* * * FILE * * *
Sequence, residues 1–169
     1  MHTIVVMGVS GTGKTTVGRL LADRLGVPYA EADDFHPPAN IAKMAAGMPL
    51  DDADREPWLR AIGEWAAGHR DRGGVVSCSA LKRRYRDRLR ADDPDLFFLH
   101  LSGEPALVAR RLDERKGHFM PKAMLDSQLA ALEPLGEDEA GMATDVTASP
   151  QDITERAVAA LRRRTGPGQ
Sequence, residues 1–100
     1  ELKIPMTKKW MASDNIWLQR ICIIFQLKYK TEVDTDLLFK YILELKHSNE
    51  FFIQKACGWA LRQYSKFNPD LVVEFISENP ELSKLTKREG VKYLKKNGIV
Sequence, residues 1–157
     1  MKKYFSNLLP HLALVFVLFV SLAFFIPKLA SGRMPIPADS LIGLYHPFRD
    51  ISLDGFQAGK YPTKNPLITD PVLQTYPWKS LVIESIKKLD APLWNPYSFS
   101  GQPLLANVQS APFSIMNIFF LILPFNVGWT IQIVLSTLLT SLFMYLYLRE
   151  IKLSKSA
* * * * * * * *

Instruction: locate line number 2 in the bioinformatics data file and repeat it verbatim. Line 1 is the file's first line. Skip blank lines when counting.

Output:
     1  MHTIVVMGVS GTGKTTVGRL LADRLGVPYA EADDFHPPAN IAKMAAGMPL